Black cohosh grows in open woods at the edges of dense forests from Ontario, Canada to Tennessee and west to Missouri. This perennial grows to 2.5 m and is topped by a long plume of white flowers. The term “black” refers to the dark color of the rootstalk. The name “cohosh” comes from an Algonquian word meaning “rough,” referring to the feel of the rhizome.
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Black cohosh can harm your liver. Stop using this product and call your doctor at once if you have signs of liver problems, such as:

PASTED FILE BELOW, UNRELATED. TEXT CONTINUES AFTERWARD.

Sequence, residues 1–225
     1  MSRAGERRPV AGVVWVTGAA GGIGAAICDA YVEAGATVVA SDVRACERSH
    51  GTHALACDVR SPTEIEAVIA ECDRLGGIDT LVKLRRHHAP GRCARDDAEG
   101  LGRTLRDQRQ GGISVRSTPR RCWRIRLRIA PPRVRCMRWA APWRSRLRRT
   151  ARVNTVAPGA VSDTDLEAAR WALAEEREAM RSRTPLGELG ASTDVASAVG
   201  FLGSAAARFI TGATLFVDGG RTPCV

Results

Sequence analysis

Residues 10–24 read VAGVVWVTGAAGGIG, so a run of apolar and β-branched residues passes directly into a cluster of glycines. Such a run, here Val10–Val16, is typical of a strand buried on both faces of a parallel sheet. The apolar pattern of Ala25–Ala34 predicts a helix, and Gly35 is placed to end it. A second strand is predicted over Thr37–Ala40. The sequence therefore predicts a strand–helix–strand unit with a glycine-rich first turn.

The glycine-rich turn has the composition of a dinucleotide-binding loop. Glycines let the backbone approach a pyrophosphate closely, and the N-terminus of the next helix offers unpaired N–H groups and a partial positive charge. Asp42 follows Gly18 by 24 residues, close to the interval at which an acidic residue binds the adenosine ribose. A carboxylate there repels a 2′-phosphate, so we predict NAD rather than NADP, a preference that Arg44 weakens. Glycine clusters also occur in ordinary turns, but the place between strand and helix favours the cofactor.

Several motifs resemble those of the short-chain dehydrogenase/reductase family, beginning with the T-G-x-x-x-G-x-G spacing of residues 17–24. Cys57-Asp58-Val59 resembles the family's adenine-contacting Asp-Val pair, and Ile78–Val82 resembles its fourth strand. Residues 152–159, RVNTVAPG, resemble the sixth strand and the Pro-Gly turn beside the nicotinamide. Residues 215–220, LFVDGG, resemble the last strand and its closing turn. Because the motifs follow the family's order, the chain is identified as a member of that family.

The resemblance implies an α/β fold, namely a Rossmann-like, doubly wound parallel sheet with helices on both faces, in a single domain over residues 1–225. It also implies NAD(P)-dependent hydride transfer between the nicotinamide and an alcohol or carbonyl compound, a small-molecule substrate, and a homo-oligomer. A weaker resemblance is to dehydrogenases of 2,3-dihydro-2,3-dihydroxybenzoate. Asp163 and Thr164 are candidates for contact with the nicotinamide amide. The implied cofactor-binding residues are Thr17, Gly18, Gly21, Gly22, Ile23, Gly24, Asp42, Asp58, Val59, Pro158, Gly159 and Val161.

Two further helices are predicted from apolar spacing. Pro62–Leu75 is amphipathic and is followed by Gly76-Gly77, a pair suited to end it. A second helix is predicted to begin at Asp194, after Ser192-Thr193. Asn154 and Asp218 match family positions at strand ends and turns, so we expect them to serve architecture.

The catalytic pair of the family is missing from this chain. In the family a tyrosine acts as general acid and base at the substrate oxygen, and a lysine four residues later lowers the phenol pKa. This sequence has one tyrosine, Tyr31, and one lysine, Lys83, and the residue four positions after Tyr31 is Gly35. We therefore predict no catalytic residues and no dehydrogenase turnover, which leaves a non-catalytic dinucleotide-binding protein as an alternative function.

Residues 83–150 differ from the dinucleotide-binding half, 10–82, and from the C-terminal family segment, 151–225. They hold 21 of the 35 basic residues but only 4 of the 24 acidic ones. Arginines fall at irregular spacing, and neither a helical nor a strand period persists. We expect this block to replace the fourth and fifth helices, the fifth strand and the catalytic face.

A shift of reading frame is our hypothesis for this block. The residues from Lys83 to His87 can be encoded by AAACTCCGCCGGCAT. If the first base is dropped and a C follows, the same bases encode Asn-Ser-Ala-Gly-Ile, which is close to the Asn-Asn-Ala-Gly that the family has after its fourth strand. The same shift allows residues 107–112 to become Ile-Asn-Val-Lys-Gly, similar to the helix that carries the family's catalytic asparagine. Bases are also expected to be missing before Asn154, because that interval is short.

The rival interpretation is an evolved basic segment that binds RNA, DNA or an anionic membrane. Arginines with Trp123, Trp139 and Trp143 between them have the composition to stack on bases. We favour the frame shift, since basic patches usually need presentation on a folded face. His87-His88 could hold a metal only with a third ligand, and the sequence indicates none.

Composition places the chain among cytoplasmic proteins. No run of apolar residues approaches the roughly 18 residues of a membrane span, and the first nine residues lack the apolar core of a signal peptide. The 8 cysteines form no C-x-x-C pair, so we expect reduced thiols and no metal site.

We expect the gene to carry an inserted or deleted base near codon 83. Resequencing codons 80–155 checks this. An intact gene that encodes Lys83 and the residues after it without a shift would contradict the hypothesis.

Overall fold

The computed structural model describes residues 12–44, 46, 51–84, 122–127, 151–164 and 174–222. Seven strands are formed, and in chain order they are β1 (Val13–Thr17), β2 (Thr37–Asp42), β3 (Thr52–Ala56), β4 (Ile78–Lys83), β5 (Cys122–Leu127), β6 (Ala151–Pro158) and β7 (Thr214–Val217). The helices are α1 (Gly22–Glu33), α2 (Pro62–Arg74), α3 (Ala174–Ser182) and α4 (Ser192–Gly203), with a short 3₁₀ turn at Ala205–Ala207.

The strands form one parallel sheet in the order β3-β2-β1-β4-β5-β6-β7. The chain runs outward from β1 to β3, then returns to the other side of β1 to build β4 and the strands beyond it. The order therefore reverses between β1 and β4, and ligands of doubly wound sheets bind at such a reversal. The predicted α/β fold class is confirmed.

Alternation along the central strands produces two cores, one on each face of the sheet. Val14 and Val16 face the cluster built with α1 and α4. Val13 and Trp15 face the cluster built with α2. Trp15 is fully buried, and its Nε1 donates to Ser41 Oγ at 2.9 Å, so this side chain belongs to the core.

nausea, loss of appetite, upper stomach pain;
itching, tired feeling;
dark urine, clay-colored stools; or
jaundice (yellowing of the skin or eyes).
Common side effects may include:
stomach pain or upset;
vaginal bleeding or spotting;
On the basis of clinical studies, the currently recommended daily dose of black cohosh is a 40% to 60% methanol or isopropranolol extract of 40 to 80 mg herb standardized to contain 1 mg of the triterpene 27-deoxyactein per 20 mg tablet. Therapeutic effects generally begin after 2 weeks, with maximum effects usually seen within 8 weeks.